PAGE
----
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Ad Council Attempts To Emotionally Manipulate Low-Risk Young People To Get The Covid Jab

two guys hugging in commercial
Image CreditAd Council/YouTube

Instead of featuring experts sharing evidence about vaccine efficacy and addressing safety concerns, they chose to lean on young people’s emotions.

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The Ad Council, a nonprofit that produces public service announcements, has spent tens of millions of dollars on ad campaigns in an attempt to convince you to get a Covid jab, and they’re using emotional manipulation to try to get your consent.

An ad targeting unvaccinated young adults ran during the first college football game of the season between two top-five teams. Two cozy chairs are set against a dark backdrop and warm lighting as twenty-somethings try to convince loved ones such as brothers, friends, and boyfriends to get the Covid shot. “I’ve been 100 percent into getting vaccinated,” a solemn girl with purple hair tells her boyfriend. “But then I asked you, and you hesitated.”

Many people skeptical of the Covid shots have undoubtedly found themselves in a similar situation over the last year and a half. What follows is not what we all wish would have happened in those conversations, though: an intelligent back and forth weighing risks and benefits and the quality of evidence available, colored with respect for personal autonomy. Instead, it’s an elevation of peer pressure and misinformation as appropriate ways to convince young people to take the jab.

One female participant in the ad encourages her friend to get the jab “to protect the strangers.” Another participant asks his boyfriend to imagine “being the person that goes to somebody’s house and gives them a virus that kills them.” Such guilt-tripping and fear-mongering is common in the Covid era, but the shots clearly don’t prevent infection and therefore do not prevent transmission, as evidenced by massive post-vaccination waves of Covid infections and hospitalizations.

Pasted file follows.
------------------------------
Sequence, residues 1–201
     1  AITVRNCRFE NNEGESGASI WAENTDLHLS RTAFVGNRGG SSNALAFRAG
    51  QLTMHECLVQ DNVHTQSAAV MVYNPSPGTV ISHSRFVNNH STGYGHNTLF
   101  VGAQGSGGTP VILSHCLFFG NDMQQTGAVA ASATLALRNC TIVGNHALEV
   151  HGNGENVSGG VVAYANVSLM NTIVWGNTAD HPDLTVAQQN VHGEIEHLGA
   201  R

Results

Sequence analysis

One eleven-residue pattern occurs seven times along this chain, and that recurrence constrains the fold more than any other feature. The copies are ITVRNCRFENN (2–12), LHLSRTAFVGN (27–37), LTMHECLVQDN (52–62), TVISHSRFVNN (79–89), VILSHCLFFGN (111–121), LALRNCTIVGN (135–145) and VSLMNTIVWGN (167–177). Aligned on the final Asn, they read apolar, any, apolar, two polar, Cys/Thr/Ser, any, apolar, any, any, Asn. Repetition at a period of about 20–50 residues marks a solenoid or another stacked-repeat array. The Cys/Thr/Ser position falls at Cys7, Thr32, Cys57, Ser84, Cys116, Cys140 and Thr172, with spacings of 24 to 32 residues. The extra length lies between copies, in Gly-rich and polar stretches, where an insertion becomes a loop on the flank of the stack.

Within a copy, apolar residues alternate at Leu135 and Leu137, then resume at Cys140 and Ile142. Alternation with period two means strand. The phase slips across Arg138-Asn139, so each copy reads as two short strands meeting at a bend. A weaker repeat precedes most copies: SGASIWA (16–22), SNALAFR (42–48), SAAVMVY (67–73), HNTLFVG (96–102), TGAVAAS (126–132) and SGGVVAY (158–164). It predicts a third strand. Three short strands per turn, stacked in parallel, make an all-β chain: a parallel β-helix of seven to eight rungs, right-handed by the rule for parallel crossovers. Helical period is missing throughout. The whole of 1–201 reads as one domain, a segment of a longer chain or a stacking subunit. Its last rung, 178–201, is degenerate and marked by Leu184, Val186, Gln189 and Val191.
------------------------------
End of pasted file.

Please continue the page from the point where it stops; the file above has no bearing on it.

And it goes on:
Besides, believing someone is morally responsible any time they unknowingly pass on a disease that might kill someone is psychologically crippling. Who could bear to leave their home under the burden of ensuring they never spread such a highly contagious virus? This kind of thinking deserves no place in a so-called “PSA.”

The Ad Council lined up $50 million to promote Covid vaccines in late 2020 and has produced many ads toward this end. They’re funded by a variety of corporate entities, including Google, Facebook, Twitter, Pfizer, and Johnson & Johnson. Their website states they didn’t receive any funding from pharmaceutical companies or “political organizations” for their vaccine campaigns specifically, but their “COVID Collaborative” is “with the involvement of the Centers for Disease Control and Prevention (CDC).”

Serious Risks for Low-Risk Demographics

This is not just a “whoopsie” by the Ad Council for letting the featured participants use their own words. They also promoted “Sesame Street’s” Big Bird getting his vaccine in order to encourage children, an extremely low-risk demographic, to get the shot. Big Bird’s mom says, “Covid vaccines are the best way to keep yourself, our friends and neighbors, and me safe and healthy.”

Instead of an ad featuring experts sharing evidence about vaccine efficacy and addressing safety concerns, they chose to lean on young people’s emotions and misconceptions. It is not just unethical, it’s infantilizing.